September 27th, 6:00am
Breakfast: eggs and tortillas. Every meal, every day was something and tortillas. But the tortillas were homemade, a thousand times better than any tortilla I’ve had at, like, Cebollas. They were more like giant pieces of Naan bread from the Taj.
The first thing we did (my roomies: Ashley, Peggy and Andrea) was open the back door and step onto the balcony to look at the view. We had a feeling it was going to be amazing, and it was! Our balcony, and the open-air conference area we used for meals, overlooked the mountains, San Ignacio, and all the little teeny villages not on the map. We could even see this little white spec out in the hills that ended up being the church in Santa Familia. Every morning was foggy, and we quickly learned that the foggier the morning, the hotter the day.
Each morning Dan passed out the songbooks and happily strummed away on his guitar as we sang our thanks for breakfast and muddled our way through “Renuevame” and lots of other songs, both in Spanish and English. The hotel staff told us later in the week they were blessed by our singing, that the songs lifted up to the guest rooms and out over the hills and cabanas, anointing Cahal Pech each morning.
After breakfast, as would be the case all week, we slathered ourself in sunscreen & deet (gross), loaded the supply bags assigned to the day’s village, and squeezed into the van.
The distance to Santa Familia was only about 7 miles, but it took, like, 40 minutes because the roads are so bad.
We arrived at Santa Familia to a welcome party by the principal (Antonia) and the students at Santa Familia R.C. School.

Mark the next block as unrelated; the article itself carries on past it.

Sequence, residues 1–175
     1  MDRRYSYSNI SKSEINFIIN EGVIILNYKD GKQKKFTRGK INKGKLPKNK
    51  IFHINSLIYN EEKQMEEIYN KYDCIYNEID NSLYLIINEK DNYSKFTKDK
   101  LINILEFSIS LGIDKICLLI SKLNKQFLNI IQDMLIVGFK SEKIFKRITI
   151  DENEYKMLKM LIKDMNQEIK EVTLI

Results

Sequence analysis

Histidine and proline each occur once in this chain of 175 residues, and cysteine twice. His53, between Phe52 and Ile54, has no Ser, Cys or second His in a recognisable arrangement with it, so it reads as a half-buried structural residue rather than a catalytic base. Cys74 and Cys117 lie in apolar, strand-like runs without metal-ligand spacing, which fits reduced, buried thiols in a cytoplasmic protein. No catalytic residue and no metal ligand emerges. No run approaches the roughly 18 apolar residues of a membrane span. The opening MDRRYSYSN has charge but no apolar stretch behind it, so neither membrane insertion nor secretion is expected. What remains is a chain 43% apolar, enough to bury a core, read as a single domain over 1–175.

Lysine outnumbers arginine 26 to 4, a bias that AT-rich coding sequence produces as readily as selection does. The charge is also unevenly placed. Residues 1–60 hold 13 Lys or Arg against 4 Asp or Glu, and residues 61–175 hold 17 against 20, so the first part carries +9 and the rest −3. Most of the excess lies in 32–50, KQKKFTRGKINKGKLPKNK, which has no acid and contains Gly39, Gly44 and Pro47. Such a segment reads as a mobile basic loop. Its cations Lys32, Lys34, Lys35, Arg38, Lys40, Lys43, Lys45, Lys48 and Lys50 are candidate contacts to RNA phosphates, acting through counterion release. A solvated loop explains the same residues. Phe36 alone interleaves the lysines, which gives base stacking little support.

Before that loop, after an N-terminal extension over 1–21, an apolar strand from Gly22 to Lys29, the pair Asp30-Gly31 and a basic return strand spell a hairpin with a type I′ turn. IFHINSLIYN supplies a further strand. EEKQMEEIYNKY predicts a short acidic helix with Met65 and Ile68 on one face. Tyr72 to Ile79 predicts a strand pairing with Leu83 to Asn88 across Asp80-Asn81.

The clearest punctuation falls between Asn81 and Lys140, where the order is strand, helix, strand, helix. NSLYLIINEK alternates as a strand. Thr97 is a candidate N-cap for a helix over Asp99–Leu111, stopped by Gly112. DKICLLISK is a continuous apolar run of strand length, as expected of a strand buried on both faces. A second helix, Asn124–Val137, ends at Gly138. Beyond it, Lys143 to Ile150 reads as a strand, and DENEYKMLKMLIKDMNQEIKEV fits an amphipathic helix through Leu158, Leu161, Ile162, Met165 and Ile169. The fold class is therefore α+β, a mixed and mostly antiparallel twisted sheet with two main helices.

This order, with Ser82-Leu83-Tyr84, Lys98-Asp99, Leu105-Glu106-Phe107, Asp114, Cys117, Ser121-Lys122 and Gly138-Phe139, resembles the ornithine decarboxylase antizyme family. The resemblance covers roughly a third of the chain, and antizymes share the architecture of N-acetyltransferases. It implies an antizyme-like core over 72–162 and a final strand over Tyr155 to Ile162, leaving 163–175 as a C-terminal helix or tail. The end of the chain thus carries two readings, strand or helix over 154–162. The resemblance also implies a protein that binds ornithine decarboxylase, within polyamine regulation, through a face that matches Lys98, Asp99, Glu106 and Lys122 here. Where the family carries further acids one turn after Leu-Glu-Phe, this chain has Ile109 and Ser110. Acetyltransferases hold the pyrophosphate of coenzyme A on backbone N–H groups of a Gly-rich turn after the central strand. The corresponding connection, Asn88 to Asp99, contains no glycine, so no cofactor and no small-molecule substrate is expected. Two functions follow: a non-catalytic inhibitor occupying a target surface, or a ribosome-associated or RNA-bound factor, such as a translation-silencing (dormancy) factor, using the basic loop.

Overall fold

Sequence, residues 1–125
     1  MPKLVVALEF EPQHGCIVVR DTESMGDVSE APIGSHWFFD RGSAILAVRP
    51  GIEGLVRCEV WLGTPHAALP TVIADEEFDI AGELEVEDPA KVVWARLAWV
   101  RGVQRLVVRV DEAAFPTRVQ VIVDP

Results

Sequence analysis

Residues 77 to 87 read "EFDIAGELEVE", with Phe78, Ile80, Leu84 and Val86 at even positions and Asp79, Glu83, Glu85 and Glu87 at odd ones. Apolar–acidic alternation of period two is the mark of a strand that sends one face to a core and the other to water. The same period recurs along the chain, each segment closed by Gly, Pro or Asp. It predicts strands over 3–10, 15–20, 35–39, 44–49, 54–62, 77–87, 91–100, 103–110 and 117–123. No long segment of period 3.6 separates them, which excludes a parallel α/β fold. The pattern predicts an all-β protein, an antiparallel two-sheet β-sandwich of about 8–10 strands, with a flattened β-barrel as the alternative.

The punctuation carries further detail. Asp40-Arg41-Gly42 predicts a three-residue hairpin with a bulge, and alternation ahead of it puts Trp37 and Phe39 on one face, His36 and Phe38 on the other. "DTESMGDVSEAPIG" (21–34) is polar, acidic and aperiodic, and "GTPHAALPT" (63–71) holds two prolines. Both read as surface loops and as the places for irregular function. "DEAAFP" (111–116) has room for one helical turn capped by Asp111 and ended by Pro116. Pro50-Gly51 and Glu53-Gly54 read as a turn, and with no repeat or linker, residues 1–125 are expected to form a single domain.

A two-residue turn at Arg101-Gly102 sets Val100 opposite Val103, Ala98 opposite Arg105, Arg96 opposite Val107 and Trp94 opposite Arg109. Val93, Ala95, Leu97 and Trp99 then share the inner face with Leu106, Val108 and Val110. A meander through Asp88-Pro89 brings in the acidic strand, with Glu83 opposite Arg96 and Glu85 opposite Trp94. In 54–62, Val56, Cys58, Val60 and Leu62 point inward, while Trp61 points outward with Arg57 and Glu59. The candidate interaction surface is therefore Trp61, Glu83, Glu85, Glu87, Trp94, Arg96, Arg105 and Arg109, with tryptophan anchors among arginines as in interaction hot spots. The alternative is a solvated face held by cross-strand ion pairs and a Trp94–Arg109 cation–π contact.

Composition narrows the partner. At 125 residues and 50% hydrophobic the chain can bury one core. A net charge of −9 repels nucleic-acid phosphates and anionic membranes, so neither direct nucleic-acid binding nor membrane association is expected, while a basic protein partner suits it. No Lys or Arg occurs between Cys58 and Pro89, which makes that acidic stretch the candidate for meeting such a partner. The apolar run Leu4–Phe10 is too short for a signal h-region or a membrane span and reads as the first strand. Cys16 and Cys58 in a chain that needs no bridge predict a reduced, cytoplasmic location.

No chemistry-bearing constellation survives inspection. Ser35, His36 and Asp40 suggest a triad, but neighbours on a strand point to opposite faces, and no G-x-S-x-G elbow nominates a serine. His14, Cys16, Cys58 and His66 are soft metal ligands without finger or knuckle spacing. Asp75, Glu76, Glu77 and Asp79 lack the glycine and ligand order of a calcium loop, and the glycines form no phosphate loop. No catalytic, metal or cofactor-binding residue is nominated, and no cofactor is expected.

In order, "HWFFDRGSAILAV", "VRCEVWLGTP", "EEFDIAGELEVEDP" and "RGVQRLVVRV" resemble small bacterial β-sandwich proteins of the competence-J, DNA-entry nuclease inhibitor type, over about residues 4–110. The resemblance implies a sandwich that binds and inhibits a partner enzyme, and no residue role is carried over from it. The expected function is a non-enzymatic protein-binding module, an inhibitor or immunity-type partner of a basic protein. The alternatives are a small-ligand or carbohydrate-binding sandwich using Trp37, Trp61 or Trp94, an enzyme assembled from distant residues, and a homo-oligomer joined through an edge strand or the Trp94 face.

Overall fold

Each sign and balloon was purchased by an individual family and sent to school with a student to welcome us. Each grade presented a song or a poem, and one of the classes gave each member of our team a Belize flag.
We spent the morning passing out school supplies to the kids and teachers and observing in the classroom. Our plan for lunch every day was PB& J. At lunch, we went across the street to Antonia’s house and made peanut butter and jelly (which is a treat—peanut butter is $16 a jar!) sandwiches. We each scarfed down a few sandwiches two seconds before finding out Antonia and her mom had made us an entire lunch of tortillas, chicken, rice & beans, cole slaw and potatoes and orange Fanta in glass bottles. As would any good guest, we ate every bite of that lunch, too (how could we not?) and waddled back across the street to the school.
Half of us spent the afternoon teaching in the classroom, and the other half painted the outside of the school and traced giant Dr. Suess murals for the team to paint later in the week.
We left at 3 to go back to the hotel to clean up for dinner, then drove back to Santa Familia for a surpise pitch-in dinner hosted by the teachers. Each spot had a small vase with a flower and a nametag to mark our seats, and Antonia conducted a short tutorial on all the Belizean dishes, GARNACHES, and how to put it all together.
After dinner we spent hours and hours and hours playing every game ever invented, during one of which I was blindfolded and made to believe I was carefully being guided between scattered raw eggs. At one point, Becky yelled “spread ‘em sister!” and when they took the blindfold off and turned me around, David (Antonia’s brother and the principal at San Marcos) was lying flat on the floor making me think I’d walked right over him. I was wearing a skirt.
Hugo, our driver, told us that the families in Belize get together on Sundays and play games like this all day and all night. Can that be true?!.